Over the past five weeks I’ve been covering our five distinct towns within Mendip. This week, I wanted to focus on our area’s rural communities. Mendip is, after all, a largely rural district, and 4 in 10 of us live in villages, small hamlets and nestled in the countryside off the beaten track.
However, while the advent of home working might increase the influx of newcomers to our villages, rural life isn’t without its challenges.
Life for many of us revolves around village halls and churches, local shops and pubs; all forming a major part of community life. This fact helps explain why it’s such a blow when communities lose these amenities, something that was happening all too regularly, even before Covid-19.
Of note also is the fact that too many people are cut off, as public transport has dwindled in recent decades. A lack of decent transport means that young and old alike are often stranded, struggling to access things like GP surgeries or supermarkets.
At Mendip District Council, we’re working hard to improve the network of cycle and walking routes to help people able to travel under their own steam. Walking and cycling are great ways to get exercise, but they’re also a brilliant step in reducing our over-reliance on cars. I especially welcome the work of many Parish Councils, who are working together to provide additional community transport options for those of us less likely to clock up the miles on a bike.
Another issue facing rural communities is poor broadband. This has been especially in focus during lockdown, with families having to juggle work conference calls and home schooling on extremely weak internet signals.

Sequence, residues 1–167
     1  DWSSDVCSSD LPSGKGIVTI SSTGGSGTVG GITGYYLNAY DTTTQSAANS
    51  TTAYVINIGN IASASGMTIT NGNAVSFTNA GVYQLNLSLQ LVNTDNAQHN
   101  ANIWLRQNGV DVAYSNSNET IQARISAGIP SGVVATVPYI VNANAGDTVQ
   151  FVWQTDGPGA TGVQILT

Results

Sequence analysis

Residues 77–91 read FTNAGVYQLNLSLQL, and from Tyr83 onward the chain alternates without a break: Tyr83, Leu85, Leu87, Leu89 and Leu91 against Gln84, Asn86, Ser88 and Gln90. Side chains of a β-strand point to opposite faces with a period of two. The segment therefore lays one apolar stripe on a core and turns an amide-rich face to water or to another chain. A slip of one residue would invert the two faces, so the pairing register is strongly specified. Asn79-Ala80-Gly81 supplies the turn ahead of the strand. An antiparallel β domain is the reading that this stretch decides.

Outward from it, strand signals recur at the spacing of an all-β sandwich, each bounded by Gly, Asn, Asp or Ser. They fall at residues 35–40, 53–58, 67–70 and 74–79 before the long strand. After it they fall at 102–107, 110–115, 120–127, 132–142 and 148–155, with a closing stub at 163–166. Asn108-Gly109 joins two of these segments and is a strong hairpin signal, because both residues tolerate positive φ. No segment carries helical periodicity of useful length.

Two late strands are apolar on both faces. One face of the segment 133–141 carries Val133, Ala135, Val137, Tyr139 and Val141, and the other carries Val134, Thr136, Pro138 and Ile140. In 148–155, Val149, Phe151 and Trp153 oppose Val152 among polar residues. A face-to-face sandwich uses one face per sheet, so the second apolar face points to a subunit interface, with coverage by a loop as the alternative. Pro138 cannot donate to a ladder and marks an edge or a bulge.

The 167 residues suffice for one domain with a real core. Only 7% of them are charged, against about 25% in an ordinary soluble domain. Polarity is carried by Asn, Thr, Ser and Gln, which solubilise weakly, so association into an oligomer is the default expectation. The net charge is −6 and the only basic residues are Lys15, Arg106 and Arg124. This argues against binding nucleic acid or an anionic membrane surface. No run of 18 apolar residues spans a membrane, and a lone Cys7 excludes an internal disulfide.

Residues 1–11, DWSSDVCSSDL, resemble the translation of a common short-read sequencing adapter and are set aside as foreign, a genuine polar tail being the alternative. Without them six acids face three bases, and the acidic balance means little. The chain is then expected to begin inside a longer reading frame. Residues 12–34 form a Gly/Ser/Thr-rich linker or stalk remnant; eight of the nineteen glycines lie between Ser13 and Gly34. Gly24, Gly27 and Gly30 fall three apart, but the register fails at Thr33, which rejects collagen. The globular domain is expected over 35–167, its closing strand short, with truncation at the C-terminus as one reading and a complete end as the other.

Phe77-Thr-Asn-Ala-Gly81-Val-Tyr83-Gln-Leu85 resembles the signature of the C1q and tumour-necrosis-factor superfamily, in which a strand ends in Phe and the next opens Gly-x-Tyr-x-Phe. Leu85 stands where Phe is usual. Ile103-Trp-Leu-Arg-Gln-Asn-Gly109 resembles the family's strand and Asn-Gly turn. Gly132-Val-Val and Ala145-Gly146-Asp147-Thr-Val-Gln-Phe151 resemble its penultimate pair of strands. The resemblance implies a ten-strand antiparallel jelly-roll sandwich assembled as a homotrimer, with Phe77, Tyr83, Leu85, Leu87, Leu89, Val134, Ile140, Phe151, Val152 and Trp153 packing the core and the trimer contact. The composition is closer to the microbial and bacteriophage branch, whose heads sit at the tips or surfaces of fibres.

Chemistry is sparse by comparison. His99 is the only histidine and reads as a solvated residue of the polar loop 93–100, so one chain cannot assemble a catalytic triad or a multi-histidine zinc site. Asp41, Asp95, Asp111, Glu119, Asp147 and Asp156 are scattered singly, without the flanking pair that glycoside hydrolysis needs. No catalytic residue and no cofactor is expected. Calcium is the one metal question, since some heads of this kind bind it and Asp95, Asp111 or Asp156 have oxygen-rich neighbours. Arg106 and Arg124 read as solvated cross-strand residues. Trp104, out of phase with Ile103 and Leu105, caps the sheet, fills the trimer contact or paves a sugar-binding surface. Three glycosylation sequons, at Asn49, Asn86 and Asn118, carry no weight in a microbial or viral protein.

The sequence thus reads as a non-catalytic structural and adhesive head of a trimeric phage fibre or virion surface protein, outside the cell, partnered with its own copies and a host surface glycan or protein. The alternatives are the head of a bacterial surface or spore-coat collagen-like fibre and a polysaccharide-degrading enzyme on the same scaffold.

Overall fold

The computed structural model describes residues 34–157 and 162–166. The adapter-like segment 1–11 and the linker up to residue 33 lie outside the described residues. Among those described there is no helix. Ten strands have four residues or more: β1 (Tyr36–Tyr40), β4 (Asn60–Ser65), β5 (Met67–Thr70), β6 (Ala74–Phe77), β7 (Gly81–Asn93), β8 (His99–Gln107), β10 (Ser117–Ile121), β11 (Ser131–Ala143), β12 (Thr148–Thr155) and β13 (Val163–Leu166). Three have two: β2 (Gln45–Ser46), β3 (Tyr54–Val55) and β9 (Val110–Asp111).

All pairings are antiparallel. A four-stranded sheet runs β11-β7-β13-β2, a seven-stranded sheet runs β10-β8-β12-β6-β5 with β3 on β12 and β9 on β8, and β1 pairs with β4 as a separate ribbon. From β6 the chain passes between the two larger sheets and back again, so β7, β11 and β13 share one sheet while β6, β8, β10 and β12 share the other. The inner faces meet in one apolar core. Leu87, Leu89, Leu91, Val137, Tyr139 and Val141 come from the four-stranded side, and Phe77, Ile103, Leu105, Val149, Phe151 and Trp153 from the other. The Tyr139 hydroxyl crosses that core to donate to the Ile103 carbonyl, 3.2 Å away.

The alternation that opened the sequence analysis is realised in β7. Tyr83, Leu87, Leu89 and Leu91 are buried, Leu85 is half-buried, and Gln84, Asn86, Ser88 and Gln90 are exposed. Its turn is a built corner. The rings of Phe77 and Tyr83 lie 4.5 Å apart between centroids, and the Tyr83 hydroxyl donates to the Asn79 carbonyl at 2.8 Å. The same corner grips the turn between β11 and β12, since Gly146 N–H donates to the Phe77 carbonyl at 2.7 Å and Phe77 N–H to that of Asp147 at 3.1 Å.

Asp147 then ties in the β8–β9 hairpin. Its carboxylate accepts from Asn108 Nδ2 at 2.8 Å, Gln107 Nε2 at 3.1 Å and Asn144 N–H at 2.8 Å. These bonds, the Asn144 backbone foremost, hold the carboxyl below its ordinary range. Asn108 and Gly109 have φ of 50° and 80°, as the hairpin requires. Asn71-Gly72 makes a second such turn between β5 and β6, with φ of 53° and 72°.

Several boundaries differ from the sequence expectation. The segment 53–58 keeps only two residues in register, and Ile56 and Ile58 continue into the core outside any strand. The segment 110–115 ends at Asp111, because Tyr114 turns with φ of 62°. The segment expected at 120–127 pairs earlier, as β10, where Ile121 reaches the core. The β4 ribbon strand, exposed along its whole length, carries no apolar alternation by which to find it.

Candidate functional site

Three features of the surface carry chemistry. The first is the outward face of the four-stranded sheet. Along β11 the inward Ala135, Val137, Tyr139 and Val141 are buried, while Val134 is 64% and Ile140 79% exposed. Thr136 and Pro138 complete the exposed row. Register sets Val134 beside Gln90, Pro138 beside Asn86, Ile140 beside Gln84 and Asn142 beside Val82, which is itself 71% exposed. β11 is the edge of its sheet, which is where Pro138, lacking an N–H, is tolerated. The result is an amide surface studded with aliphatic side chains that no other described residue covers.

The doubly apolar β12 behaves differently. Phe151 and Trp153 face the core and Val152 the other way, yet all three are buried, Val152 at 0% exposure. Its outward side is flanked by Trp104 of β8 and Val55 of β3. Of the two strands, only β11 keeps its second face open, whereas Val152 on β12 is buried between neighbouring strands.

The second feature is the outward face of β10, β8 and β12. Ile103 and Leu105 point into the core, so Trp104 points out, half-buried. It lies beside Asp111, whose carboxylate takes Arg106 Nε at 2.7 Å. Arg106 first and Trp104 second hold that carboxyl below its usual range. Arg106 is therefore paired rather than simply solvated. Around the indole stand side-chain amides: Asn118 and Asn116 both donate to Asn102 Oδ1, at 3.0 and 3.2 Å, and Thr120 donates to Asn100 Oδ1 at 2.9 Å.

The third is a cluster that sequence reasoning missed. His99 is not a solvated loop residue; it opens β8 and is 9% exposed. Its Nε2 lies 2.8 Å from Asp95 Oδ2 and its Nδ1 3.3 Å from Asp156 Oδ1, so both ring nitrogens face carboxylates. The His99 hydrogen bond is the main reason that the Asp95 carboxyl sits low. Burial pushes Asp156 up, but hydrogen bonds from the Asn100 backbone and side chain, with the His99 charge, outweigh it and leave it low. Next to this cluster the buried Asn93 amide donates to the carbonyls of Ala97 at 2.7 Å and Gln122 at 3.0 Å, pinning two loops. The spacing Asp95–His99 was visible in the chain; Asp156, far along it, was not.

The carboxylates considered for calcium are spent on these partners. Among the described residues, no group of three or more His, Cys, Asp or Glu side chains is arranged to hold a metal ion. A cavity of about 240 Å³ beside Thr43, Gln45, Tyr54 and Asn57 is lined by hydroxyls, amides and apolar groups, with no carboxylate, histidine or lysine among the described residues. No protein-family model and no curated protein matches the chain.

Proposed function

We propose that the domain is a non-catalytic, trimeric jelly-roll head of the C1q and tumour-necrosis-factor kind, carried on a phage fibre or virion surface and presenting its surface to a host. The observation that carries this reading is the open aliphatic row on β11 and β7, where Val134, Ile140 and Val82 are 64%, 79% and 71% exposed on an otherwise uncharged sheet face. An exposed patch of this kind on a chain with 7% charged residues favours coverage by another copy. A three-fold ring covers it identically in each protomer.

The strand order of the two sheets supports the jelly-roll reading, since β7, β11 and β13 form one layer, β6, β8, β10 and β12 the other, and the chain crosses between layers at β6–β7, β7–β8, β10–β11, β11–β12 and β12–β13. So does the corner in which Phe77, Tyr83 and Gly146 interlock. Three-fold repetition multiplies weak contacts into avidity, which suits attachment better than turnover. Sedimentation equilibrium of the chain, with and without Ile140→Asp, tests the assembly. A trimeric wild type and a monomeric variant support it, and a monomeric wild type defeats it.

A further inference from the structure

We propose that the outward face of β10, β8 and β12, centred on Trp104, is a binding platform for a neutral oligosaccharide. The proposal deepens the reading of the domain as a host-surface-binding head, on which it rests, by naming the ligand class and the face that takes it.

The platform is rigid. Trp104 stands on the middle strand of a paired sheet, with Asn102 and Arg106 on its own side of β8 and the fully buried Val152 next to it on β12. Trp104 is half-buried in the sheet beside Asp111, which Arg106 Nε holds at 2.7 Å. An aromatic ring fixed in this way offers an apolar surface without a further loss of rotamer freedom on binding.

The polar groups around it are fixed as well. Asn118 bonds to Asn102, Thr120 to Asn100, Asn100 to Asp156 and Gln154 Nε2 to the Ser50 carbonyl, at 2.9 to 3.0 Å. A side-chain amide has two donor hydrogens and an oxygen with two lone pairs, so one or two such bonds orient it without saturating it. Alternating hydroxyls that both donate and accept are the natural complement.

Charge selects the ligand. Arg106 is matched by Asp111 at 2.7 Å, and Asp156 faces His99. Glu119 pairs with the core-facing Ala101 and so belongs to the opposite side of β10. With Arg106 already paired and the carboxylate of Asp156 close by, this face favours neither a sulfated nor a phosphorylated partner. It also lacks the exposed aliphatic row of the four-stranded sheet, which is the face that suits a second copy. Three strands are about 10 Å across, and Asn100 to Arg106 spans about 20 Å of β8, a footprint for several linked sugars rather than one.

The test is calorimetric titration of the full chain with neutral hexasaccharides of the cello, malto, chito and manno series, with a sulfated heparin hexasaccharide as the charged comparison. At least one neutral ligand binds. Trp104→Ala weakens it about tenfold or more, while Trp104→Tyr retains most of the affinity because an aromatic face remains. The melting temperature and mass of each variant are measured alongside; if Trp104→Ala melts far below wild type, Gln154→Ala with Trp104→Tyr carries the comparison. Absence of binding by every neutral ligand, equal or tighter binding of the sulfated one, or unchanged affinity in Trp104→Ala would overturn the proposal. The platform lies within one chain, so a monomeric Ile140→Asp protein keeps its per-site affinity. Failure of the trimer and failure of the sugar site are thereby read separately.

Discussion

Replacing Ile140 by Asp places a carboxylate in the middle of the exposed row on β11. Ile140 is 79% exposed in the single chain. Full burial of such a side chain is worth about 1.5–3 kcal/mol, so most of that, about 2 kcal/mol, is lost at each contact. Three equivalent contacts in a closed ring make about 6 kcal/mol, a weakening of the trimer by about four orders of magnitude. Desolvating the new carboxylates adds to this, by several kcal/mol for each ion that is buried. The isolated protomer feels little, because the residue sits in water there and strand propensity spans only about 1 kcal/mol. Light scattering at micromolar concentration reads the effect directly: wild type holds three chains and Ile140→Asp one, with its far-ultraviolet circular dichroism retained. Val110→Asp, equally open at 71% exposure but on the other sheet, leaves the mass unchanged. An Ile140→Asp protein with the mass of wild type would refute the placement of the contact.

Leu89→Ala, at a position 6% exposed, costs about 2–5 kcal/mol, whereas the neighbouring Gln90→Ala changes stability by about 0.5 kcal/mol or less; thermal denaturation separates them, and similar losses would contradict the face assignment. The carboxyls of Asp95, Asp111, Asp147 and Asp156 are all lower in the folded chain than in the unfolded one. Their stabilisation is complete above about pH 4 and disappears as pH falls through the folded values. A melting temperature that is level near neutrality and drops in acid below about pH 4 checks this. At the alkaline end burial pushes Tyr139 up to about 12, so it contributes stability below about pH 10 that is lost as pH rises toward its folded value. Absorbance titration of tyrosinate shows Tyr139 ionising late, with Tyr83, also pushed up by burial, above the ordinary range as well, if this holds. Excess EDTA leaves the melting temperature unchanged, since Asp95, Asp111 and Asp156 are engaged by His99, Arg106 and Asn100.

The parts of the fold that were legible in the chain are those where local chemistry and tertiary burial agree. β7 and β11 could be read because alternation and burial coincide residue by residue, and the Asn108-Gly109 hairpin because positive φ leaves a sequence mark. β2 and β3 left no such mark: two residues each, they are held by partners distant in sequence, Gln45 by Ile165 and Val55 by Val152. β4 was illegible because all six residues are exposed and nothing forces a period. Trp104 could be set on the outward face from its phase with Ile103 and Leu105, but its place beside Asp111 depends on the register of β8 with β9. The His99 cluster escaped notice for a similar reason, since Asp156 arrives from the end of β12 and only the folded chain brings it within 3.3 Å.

We’ve been working for some years with the partnership, Connecting Devon & Somerset. It was set up to deliver improved broadband infrastructure to areas where the market has failed to invest. It won’t surprise readers to learn that almost all of those places are rural and more remote.
There are voucher schemes available specifically for people living in rural communities experiencing poor broadband speeds, and you can find out more here: gigabitvoucher.culture.gov.uk.
Alongside these challenges, we must never forget our farmers. Without a doubt, these are tricky times for our food producers and farmers, with the ongoing uncertainty of Brexit coupled with the pandemic. I know many local farmers who have worked the land for generations and they deserve our respect and support.
This support can come in a range of ways. As farmers are asked to adapt their practices, to do their bit to slow the climate emergency, we can do our bit to support them. This could be as simple as having another look at the district’s markets, where increasing ranges of Mendip-sourced food and drink is being sold. It’s a great tradition of ours: growing food in Somerset, selling it here and taking it home to create something wonderful.
This, and many other traditions are alive and well. Where I live, in Westbury-sub-Mendip, together with many other villages in the area, we welcome in each new year by blessing apple trees, warding off evil spirits and encouraging a fruitful apple harvest.
This year, of course, we had to ‘Wassail at home’ but it’s great fun to come together as a community and celebrate such an ancient tradition, one that can be traced back to our Anglo-Saxon ancestors. Another ancient festival – Beltane – is celebrated this coming weekend, and I wish those welcoming in the summer on May 1st a safe and joyful time.
So, those are some of our challenges, but some of our successes and celebrations too. And, while other parts of the country will have their own quirks and ways of life, as we look toward a long and fruitful summer, there’s nowhere else I’d rather be.
As ever, do get in touch either on my email [email protected], or my Facebook page @Ros.Wyke.
Written by Cllr Ros Wyke, Leader of Mendip District Council
Please get in touch either on my Facebook page @Ros.Wyke or you can send me an email: [email protected].